Østergaard was scheduled to perform the pas de deux from “Flower Festival in Genzano” later in the week, with Kloborg, and it would be fascinating to see her in a more prominent Bournonville role. At this performance (the second of six), of that celebrated duet, which opened the program and set just the right tone of engaging warmth, was danced by Kizzy Howard and Lund. Howard, a British-trained dancer who danced with the Royal Swedish Ballet before joining RDB in 2003, has a crisp, contemporary edge to her dancing, and some of the requisite Bournonville effects felt flattened out. But her verve and precision were admirable, as was the way she made this woman confident, even a bit sassy, rather than overly demure and coy. Lund brought his buoyant attack and powerful jumps to the role, which he now dances with a definite mature authority. One sequence of double tours ended less than cleanly, but his ability to deliver the demanding Bournonville choreography with such vibrancy and personality overshadowed that slight miscue. More than anyone else on stage, one sensed Lund was restrained by the small stage.

Mads Eriksen and Alexander Staeger’s interpretation of the Jockey Dance (originally part of the full-length “From Siberia to Moscow”) brought lots of mock-angry competitive edge to that charming character trifle. They danced it with plenty of snap and brio, but missed the sweetly humorous glow the duet has had the past.

The miniature “Sylphide” second act, which included the mime sequence of James first entering the Sylph’s realm as well as all the major dancing (minus a full ensemble of sylphs) felt rushed in places (taped music, necessarily, accompanied the entire program) and Diana Cuni, as the Sylph, sometimes appeared tense, Tim Matiakis, also a soloist, made a strong impression with the overall sweep and vigor of his dancing, but again his double tours were somewhat sloppy.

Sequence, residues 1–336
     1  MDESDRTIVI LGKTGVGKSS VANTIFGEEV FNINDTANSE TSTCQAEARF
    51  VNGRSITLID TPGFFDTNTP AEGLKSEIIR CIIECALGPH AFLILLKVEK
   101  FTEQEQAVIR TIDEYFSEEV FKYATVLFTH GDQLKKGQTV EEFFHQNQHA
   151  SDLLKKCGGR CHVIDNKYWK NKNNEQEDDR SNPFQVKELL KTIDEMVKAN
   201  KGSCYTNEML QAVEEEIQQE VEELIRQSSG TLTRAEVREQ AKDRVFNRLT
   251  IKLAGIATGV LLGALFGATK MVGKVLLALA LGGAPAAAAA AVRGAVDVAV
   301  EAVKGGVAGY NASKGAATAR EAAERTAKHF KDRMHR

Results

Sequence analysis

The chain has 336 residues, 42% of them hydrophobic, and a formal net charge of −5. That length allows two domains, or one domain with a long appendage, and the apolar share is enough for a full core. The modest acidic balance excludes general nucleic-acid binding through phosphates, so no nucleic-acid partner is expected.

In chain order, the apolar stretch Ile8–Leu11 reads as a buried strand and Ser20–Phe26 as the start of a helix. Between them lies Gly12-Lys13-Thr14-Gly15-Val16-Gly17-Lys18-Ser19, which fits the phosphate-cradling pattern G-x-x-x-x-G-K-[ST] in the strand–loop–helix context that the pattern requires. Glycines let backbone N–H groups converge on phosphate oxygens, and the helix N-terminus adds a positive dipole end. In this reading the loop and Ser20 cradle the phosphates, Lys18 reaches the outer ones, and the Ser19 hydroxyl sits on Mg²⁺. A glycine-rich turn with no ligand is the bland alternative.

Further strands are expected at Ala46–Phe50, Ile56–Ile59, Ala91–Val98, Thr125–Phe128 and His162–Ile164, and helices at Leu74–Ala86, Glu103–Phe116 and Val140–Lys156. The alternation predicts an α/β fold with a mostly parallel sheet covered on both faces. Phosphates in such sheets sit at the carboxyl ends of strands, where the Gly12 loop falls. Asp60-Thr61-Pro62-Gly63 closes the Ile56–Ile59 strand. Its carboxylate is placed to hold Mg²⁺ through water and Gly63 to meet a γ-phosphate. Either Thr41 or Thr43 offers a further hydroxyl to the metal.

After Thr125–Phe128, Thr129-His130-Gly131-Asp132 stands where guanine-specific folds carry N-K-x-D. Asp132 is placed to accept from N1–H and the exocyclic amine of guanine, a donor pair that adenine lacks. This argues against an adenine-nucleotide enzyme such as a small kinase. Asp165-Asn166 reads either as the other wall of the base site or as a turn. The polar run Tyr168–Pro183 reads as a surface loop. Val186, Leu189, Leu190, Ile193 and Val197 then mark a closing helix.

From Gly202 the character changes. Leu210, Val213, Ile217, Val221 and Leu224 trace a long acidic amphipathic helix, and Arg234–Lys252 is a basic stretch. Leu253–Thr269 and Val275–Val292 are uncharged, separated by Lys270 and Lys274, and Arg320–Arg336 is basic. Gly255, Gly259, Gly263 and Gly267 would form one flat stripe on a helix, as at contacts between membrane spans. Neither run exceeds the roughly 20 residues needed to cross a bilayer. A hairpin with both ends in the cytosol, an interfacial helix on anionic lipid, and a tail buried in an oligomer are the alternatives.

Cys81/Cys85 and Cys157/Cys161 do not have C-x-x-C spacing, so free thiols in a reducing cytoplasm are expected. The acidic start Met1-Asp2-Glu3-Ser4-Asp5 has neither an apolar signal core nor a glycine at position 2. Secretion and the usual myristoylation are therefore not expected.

Still, everyone on stage communicated the upbeat spirit and, for the most part, the outward-reaching quality of Bournonville dancing that can so engage an audience. The familiar pas de six and Tarantella from “Napoli,” which closed the program, expanded beautifully from the meticulous intimacy of the clam pas de six, through the increasingly vibrant solos that cumulatively create a portrait of a joyful celebration, to the festive outpouring of the Tarantella. Cuni had a warmer presence in Teresina’s solo, and Matiakis, as Gennaro, exemplified crisp Bournonville technique but lacked the presence to convey a central, focus-of-all-the-celebration character. But these roles are virtually non-existent without the complete context of the ballet, and each dancer who performed a solo, duet or trio projected that sense of familiarity and belief in a tradition that makes “Napoli” such a unique and lovable world unto itself — even if one has seen these solos (especially the bravura male variations) performed more excitingly in the past.